87th Precinct

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NBC (ended 1962)

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mrdivot

User Score: 224

SUBMIT REVIEW

87th Precinct Fan Reviews (1)

6.8
out of 10
Average
22 votes
  • Decent early 60's police drama

    8.0
    87th Precinct, which was based on Ed McBain's long-running series of police procedural novels, was a series which aired on NBC during the 1961-62 season. It starred Robert Lansing, Norman Fell, Ron Harper, and Gregory Walcott as detectives operating out of the 87th Precinct in the fictional city of Isola (which strongly resembled New York). Gena Rowlands also put in an occasional appearance as the deaf-mute wife of Lansing's character.

    After watching a few episodes of the series I've come to the conclusion that while it fell a little short of other classic crime dramas of the period like Dragnet or The Untouchables it wasn't bad drama. The scripts were generally good especially the ones based McBain's actual 87th Precinct novels. The cast was another story. Rowlands was excellent but she only appeared in four episodes. She should have been used more. It's as simple as that. Same with Norman Fell who was easily the best actor of the foursome of detectives. Sadly, Fell was too often wasted in comedy relief.

    As for the other actors it was a decidedly mixed bag. Robert Lansing played the role of lead protagonist Steve Carella and while he had a strong on-screen presence he didn't have much depth or range to his acting. Gregory Walcott was up and down as Roger Havilland. Sometimes he was very good while other times he seemed to mail it in. Ron Harper was miscast as Detective Bert Kling. He was easily the worst actor of the bunch. With an inconsistent group of leads the show often had to lean on its guest stars to carry the load and quite often they did it rather well as witnessed by Ross Martin in Occupation: Citizen and Charles McGraw in King's Ransom.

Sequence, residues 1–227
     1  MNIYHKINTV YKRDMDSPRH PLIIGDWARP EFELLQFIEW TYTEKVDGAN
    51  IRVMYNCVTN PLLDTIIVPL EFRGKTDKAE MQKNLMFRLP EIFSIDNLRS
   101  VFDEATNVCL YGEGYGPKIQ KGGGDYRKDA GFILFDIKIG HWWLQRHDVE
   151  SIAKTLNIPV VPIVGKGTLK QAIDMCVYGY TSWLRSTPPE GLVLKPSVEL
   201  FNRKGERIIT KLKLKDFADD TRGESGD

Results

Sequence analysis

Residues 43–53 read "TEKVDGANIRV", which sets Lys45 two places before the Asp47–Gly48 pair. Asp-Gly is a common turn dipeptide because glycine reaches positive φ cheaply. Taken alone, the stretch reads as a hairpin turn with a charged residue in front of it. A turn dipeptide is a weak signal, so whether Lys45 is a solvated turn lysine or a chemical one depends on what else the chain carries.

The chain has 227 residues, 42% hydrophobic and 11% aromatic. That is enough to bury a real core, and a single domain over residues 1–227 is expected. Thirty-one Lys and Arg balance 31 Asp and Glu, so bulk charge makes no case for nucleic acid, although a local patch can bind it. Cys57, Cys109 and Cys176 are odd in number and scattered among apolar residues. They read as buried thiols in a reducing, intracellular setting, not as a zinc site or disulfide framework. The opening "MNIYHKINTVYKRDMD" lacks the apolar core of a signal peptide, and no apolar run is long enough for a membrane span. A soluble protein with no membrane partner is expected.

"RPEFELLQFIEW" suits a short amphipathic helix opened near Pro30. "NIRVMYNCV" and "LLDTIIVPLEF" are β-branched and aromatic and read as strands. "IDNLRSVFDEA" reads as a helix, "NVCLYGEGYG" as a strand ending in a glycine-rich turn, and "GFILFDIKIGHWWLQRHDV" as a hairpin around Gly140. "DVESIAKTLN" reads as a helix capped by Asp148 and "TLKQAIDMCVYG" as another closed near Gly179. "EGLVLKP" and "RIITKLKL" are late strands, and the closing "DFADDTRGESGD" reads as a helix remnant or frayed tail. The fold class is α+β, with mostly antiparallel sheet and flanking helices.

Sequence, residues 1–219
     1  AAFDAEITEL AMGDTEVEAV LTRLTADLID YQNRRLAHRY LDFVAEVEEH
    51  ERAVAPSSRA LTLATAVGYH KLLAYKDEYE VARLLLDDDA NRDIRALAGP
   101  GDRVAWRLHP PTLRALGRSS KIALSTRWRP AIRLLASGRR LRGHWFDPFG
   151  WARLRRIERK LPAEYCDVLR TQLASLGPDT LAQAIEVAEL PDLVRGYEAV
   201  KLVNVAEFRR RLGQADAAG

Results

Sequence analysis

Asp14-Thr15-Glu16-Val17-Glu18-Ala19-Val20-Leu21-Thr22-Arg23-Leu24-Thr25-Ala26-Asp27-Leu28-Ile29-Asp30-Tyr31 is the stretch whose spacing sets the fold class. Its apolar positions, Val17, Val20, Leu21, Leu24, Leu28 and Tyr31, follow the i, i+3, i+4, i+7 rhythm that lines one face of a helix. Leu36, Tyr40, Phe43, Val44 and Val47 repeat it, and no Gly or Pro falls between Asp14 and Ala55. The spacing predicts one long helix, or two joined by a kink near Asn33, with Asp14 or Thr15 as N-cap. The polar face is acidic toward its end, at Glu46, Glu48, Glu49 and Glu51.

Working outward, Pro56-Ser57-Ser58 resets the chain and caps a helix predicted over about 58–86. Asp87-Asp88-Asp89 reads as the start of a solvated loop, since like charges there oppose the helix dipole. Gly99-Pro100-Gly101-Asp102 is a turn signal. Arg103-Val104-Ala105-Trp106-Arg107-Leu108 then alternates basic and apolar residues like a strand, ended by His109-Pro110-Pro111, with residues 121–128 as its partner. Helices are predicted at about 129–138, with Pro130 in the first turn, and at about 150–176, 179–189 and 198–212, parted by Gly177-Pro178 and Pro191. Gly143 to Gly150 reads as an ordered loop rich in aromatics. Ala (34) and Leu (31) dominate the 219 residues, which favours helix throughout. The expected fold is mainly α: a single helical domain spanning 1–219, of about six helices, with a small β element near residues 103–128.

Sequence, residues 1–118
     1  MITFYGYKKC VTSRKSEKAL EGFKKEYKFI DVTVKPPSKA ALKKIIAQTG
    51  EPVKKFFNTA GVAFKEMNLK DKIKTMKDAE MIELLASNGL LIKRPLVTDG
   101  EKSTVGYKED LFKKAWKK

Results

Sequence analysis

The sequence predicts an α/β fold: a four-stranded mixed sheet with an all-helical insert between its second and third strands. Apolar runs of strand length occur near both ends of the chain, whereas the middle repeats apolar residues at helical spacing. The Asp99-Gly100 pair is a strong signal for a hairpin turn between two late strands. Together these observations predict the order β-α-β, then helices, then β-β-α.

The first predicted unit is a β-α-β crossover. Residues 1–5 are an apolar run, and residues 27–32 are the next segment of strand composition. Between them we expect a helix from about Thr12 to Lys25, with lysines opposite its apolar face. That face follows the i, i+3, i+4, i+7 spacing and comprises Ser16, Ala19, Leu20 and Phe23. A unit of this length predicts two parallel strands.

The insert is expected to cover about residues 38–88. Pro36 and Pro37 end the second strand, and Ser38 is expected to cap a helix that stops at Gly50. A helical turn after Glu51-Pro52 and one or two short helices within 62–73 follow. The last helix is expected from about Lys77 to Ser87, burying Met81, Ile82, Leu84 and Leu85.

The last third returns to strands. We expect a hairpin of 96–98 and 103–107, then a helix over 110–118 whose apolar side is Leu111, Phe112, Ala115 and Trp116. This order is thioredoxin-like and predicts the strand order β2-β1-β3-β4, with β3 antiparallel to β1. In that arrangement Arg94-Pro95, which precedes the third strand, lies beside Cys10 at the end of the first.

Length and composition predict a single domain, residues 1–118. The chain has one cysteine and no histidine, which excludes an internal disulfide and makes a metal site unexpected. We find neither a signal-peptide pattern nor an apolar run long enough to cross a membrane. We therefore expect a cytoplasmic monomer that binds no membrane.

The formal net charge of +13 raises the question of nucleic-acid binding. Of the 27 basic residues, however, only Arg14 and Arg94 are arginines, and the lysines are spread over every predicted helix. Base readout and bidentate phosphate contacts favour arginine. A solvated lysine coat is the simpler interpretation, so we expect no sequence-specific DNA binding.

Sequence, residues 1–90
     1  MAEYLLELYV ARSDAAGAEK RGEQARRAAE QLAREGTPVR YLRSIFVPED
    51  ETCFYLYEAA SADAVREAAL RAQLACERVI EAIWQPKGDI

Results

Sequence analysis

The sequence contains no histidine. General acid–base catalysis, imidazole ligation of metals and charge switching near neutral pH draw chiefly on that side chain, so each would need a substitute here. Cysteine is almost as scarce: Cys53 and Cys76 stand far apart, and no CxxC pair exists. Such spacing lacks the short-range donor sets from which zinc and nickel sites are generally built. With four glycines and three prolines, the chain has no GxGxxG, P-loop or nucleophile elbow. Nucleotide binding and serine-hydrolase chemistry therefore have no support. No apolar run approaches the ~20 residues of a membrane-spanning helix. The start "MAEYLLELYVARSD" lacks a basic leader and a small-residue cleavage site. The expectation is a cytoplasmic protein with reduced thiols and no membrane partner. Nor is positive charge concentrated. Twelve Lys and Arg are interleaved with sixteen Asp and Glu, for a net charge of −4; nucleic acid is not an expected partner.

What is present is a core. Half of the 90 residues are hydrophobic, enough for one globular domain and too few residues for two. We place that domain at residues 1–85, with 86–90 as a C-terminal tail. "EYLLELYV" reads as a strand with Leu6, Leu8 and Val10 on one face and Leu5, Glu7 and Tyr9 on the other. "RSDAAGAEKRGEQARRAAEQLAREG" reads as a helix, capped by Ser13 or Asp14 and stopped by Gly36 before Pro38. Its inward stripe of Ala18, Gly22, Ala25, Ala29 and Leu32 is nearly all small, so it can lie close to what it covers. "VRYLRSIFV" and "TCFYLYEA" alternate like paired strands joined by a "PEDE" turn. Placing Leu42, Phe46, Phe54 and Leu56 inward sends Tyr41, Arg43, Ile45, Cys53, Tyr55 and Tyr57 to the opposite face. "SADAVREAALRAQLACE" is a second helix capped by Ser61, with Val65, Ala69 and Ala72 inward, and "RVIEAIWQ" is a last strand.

Write 87th Precinct down as an interesting experiment. It foreshadowed a lot of the later police dramas in which the private lives of the officers shared the stage with their cases. Such as Hill Street Blues which premiered 20 years later and was almost a direct swipe. Perhaps 87th Precinct should have lasted longer. Maybe the show would have hit its stride with a second season and been more consistent. But alas, we'll never know for sure. NBC pulled the plug after one year on the air so we'll never know what kind of show it might have become. We have to settle for what we've got which wasn't bad TV but could perhaps have been better.
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